One of Tiger Optics’ analysing devices has played a critical part in NASA’s latest success of entering Jupiter’s orbit.

The company’s HALO trace-gas analyser played a crucial role in detecting contaminants that could have compromised the performance of scientific instruments in space.

The space-bound sensing instruments were designed to operate in the vacuum of space without oxygen (O2), water or particulate matter and as such needed to be protected under a flow of high-purity inert gas.

Tiger Optics’ HALO H2O analyser was chosen to measure the quality of nitrogen (N2) flow as it can measure any moisture in a range from two parts per billion (ppb) to 20 parts per million (ppm).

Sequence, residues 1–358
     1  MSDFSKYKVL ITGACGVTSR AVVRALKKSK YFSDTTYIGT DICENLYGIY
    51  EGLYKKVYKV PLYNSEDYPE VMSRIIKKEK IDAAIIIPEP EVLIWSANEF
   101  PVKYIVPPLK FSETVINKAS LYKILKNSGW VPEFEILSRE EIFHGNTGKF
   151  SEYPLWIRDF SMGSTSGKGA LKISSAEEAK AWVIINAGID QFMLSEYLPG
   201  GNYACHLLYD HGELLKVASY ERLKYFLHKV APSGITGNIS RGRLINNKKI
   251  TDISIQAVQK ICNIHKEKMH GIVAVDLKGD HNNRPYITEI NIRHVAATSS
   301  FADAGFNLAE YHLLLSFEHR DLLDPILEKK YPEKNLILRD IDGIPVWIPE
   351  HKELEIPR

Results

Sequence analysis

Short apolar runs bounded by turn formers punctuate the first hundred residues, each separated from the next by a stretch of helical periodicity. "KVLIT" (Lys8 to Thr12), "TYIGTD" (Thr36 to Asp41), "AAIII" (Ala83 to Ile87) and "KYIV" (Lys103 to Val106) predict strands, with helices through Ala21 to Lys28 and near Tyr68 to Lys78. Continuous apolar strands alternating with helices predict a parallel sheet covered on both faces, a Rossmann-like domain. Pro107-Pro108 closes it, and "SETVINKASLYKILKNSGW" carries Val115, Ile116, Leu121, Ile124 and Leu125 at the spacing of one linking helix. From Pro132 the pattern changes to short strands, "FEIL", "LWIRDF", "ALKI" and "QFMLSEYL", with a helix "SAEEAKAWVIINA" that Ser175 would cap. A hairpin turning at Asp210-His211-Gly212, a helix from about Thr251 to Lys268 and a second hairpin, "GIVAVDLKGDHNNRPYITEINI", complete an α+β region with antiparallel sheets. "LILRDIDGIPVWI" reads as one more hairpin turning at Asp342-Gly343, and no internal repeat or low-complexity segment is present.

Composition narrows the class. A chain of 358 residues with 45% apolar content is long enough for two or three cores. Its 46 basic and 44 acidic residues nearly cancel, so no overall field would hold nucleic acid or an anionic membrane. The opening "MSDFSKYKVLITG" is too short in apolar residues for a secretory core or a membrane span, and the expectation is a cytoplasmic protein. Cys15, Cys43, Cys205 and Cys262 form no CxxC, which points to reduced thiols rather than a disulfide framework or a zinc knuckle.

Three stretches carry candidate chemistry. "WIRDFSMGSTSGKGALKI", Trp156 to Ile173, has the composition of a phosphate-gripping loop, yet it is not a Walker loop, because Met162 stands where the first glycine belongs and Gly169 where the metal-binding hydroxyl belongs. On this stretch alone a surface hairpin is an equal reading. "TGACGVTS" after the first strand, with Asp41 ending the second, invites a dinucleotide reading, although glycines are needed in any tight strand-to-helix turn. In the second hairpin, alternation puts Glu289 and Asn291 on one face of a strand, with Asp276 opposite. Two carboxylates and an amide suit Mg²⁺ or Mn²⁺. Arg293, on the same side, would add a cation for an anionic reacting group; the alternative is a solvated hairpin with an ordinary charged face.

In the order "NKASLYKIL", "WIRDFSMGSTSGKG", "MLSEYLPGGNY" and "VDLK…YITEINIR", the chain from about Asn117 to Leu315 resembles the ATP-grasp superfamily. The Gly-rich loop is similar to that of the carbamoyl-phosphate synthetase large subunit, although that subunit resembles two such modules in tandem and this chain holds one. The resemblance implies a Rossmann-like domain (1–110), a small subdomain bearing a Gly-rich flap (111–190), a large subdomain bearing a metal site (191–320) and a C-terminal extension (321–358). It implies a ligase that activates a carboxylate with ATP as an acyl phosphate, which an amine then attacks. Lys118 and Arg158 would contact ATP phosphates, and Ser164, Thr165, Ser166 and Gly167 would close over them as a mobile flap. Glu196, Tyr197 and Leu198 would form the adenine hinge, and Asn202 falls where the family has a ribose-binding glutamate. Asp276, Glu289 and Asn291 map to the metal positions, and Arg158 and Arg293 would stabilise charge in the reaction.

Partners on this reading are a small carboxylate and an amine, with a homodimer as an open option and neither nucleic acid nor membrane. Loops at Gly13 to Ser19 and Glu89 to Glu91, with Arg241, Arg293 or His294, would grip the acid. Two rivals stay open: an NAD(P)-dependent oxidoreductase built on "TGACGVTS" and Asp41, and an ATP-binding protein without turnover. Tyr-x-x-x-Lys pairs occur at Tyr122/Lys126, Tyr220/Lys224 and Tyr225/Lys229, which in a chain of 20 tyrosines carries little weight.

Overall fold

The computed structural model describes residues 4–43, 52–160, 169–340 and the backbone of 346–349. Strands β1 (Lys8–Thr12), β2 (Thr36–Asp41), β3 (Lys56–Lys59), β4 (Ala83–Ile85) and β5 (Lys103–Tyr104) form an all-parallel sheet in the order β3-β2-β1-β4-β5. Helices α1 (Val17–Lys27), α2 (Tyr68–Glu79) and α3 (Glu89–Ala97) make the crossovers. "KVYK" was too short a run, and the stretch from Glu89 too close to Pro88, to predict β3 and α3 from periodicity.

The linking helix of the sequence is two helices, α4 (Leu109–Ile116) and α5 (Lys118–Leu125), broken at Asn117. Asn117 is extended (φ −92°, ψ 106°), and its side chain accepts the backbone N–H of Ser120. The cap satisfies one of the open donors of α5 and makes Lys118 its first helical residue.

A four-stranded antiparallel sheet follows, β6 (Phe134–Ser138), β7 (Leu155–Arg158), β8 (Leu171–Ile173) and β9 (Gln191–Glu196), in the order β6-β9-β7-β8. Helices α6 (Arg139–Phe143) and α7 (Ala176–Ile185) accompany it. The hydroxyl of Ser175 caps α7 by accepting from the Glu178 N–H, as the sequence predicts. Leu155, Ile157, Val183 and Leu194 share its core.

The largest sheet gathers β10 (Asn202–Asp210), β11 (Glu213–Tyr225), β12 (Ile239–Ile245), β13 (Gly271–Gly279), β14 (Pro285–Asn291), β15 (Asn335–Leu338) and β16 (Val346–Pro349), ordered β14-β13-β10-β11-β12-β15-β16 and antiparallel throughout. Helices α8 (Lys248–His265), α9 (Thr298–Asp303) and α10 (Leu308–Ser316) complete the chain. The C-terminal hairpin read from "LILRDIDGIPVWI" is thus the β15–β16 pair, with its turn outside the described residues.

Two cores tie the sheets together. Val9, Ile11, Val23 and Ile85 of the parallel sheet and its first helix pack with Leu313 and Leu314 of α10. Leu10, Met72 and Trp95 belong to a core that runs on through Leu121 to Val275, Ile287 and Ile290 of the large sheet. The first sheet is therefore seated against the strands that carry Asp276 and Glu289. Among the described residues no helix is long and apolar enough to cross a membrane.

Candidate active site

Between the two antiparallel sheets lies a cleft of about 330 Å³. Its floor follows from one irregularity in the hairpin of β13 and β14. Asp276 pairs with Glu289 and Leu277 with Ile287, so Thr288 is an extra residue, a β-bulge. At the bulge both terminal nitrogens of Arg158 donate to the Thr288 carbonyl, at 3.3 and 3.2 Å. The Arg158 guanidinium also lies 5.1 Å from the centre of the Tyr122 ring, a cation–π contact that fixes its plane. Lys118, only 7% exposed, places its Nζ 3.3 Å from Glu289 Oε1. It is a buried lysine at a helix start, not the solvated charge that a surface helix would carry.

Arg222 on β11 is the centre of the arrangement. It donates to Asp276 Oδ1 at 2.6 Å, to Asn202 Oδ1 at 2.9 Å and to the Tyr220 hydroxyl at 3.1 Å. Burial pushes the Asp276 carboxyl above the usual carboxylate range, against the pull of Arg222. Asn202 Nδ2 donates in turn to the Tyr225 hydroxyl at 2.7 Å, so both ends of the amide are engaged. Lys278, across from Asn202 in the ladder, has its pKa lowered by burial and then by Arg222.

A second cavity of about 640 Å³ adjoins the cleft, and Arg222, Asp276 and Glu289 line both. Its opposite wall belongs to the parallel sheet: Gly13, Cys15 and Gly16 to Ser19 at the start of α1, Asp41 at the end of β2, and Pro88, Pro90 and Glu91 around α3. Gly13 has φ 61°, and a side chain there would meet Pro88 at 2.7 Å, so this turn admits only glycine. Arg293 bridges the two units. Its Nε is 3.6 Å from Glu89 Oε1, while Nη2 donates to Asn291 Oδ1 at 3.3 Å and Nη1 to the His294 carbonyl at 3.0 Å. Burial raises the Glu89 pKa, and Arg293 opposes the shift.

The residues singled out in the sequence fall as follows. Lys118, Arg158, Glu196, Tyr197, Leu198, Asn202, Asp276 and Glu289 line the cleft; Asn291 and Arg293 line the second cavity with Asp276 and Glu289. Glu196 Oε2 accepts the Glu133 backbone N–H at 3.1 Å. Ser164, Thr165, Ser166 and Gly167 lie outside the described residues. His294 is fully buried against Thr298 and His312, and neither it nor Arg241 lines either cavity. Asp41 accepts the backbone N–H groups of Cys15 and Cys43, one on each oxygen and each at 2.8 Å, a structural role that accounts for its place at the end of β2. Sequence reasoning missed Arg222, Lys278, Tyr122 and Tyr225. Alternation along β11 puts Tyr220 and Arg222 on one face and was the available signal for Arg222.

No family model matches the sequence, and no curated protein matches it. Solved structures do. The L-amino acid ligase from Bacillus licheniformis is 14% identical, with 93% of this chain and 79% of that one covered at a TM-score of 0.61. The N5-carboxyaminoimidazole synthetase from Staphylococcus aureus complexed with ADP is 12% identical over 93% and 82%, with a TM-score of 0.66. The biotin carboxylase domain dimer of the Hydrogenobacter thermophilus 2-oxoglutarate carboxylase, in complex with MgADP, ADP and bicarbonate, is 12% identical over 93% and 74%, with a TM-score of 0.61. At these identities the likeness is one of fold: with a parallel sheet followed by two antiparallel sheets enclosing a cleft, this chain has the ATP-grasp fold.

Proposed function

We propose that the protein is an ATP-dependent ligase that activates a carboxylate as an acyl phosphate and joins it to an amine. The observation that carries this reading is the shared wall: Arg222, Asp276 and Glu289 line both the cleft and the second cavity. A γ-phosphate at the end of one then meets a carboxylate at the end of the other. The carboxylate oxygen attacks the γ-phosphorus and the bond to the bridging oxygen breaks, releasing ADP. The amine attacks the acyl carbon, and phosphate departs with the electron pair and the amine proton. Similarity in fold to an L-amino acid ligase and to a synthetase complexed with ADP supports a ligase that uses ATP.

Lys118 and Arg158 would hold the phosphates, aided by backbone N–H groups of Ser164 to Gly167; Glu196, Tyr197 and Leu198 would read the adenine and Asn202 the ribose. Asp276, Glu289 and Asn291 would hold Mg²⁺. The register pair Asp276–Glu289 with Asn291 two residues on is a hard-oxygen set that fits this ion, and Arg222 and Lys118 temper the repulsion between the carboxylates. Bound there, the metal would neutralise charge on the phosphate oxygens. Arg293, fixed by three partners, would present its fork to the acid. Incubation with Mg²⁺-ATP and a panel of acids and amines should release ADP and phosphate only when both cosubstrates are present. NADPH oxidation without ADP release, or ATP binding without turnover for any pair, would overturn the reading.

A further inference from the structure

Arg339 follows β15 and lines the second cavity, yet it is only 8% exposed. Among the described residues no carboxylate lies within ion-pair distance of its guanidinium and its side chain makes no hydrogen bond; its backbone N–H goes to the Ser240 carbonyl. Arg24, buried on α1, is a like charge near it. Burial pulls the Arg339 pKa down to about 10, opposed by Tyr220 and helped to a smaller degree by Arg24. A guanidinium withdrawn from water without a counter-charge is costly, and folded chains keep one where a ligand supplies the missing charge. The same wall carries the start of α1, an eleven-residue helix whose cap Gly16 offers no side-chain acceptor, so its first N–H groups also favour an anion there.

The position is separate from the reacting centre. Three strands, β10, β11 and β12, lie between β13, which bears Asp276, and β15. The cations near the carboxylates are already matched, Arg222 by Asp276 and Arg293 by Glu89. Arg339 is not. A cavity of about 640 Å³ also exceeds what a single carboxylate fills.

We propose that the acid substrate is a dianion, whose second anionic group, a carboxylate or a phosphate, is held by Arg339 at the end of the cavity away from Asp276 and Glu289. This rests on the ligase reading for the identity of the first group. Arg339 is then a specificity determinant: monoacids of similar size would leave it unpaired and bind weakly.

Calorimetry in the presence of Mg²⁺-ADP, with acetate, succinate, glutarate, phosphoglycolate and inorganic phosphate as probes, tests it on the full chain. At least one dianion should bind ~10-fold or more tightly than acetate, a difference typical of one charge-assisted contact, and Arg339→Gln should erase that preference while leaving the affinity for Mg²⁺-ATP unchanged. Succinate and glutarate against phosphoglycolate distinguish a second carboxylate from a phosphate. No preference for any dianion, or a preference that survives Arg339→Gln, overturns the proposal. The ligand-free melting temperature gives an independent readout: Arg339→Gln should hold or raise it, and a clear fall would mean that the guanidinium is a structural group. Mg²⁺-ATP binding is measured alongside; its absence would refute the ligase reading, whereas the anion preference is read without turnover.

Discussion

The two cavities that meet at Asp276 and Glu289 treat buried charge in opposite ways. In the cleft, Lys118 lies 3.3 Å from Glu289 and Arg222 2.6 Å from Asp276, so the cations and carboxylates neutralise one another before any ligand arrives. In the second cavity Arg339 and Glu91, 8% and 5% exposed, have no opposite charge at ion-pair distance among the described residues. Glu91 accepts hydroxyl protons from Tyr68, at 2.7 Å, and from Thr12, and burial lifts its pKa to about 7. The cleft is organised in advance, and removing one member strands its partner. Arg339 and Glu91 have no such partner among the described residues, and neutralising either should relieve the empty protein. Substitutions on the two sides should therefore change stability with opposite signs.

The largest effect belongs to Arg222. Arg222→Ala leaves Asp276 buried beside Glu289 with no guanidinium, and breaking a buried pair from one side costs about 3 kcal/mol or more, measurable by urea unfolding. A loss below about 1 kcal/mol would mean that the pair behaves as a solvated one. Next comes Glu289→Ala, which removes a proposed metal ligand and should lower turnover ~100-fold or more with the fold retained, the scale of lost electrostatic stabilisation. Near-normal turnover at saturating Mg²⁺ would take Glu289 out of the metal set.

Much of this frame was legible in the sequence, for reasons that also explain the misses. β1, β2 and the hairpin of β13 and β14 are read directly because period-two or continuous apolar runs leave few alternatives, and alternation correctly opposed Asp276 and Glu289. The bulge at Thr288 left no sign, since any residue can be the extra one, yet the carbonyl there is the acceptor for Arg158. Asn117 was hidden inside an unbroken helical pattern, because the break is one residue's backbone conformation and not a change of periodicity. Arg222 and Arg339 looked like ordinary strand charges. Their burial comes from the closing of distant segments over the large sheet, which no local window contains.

Tiger Optics Chief Executive Lisa Bergson was thrilled with the company’s role in the project and stated, “Tiger Optics is honoured that its technology is trusted to support our nation’s journey into the frontiers of space.” 

The Juno spacecraft successfully entered Jupiter’s orbit on 4th July, capping its five-year journey from Cape Canaveral and by 2nd September, all eight instruments were successfully energised and began collecting data. Within days, NASA was able to publish the first-ever images of Jupiter’s north pole.

Tiger Optics will be discussing its latest progressions in the Internet of Things (IoT) in the upcoming edition of Specialty Gas Report.